CASTER Semenya's surprise decision to chase double world championship gold in London has failed.
The reigning Olympic 800m champion made the late call to also contest the 1500m which was the first time she'd competed in the longer event at a major championship.
Semenya, who remains one of the most controversial figures in the sport, flew late in the home straight but had to settle for the bronze medal.
Kenya's Olympic champion Faith Kipyegon, 23, showed the Rio form line held up, claiming the world title in an action-packed race in 4min02.59sec.
There were numerous challengers for medals over the final 100m with American Jennifer Simpson darting through on the inside to grab silver in 4:02.76sec.
Semenya just pipped hometown hero, Britain's Laura Muir, on the line for bronze (4:02.90sec).
"I'm really happy with the bronze,” she said. "Obviously a lot can not go your way in a final, so to come out with a bronze is amazing but I was hoping for a better time.
"1500m is a tactical race, I tried to find my own space but fortunately I managed to get away with the bronze so I am happy.”
The South African will seek to win her third world 800m title on the final day of the championships on Sunday.
Once again Semenya has found herself being one of the stories of the event even before she set on the track with further scrutiny of the gender controversy which has dogged her career.
There is still a consensus with many in the sport that the 26-year-old's high testosterone levels give her an unfair advantage.
In a rare interview on South African TV in the lead-up to London last month, Semenya expressed her frustration at having her gender continually questioned.
"I don't understand when you say I have an advantage because I am a woman,” she told South Africa's SuperSport TV channel. "'When I pee, I pee like a woman. I don't understand when you say I'm a man or I have a deep voice. I know I am a female so there's no question for me.
"I have to find a way to deflect (the questioning of her gender), so instead of allowing it to all be negative, I turn it into a positive. My family's support system is fantastic.”
Semenya made world-wide headlines as a 19-year-old when she won the 2009 world title with reports afterwards claiming tests had revealed her body produced an abnormally high amount of testosterone.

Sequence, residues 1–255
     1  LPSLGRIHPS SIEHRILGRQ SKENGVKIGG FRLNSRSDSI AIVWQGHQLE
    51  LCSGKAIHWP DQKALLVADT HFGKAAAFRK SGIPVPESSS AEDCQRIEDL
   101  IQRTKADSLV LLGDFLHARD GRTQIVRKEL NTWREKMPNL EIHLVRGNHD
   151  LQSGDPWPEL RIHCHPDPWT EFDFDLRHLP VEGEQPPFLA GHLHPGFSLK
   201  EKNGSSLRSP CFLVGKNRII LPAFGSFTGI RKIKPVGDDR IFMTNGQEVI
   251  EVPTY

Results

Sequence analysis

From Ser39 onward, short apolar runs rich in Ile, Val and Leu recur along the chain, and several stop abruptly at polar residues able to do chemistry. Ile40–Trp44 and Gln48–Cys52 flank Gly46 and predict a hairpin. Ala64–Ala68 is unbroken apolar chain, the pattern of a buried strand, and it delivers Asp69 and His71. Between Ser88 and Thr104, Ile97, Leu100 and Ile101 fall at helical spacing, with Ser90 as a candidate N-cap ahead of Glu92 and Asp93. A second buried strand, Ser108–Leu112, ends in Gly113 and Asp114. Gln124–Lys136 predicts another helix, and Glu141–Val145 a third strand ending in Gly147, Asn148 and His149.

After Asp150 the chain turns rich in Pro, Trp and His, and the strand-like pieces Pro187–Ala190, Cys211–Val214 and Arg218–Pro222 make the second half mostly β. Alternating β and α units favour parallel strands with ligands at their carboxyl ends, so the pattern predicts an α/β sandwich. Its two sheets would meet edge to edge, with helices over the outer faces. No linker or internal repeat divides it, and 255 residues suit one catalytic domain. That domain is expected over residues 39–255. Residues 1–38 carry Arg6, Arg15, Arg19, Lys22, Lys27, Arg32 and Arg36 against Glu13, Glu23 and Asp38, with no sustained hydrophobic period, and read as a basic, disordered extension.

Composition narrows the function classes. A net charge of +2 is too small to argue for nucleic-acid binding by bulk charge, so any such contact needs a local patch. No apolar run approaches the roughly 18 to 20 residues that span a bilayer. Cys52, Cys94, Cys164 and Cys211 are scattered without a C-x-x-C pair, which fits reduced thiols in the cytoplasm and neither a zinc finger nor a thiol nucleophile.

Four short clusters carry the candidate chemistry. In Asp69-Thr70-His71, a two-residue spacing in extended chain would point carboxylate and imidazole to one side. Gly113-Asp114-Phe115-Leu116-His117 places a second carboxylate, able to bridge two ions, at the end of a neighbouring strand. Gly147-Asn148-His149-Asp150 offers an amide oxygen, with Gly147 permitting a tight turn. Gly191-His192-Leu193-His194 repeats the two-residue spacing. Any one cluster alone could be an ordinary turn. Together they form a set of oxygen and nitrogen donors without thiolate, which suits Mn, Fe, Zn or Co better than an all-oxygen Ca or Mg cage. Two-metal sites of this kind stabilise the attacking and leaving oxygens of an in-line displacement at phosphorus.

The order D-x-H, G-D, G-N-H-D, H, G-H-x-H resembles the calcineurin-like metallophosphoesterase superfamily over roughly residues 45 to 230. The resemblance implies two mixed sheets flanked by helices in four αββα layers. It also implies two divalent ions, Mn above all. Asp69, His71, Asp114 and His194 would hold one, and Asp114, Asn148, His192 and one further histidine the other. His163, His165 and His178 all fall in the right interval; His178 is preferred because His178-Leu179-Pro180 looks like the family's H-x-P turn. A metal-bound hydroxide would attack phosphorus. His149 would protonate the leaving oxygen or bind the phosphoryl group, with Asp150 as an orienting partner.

An IAAF rule limiting the amount of naturally occurring functional testosterone for female athletes appeared to have narrowed Semenya's prospects but the IAAF's Hyperandrogenism Regulations were suspended for two years in 2015 by the Court of Arbitration for Sport, allowing Semenya to make a comeback.
Last month Semenya ran 1:55.27sec in the Diamond League meeting in Monaco which was the fastest in the women's 800m for almost a decade.
In the men's 110m hurdles final, Jamaica finally got a gold medal on the board with Olympic champion Omar McLeod backing up from Rio to claim his first world title.
McLeod, 23, was prominent early and had a clear gap by half-way which he held comfortably to the line to win in 13.04sec.
Russia's Sergey Shubenkov, who'd been given a special clearance to compete despite his country being banned for doping, finished second (13.14sec) with Hungary's diving late for third (13.28sec).
World record holder Aries Merritt, who had a kidney transplant last year, was prominent early before fading for fifth.
McLeod admitted he felt the pressure after Jamaica's two biggest stars, Usain Bolt and Elaine Thompson, had suffered shock defeats in the 100m finals.
"This one is special, honestly,” he said.
"There was a lot of pressure coming in but I channelled it positively. It's totally different to last year where we had Usain and Elaine winning, which I used to propel me.
"I didn't have that this time so I really wanted to come out and shine my own light.”
In the women's 400m semi-finals Allyson Felix cruised through as she searches for her 10th world championship gold medal.
The American champion clocked 50.12sec to finish second to 19-year-old Salwa Eid Naser from Bahrain who set a new personal best of 50.08sec.
Reigning Olympic champion Shaunae Miller-Uibo was very impressive, shutting down over the final 10m to win the first semi-final easily in 50.36sec.
America's Phyllis Francis won the third semi-final in 50.37sec.
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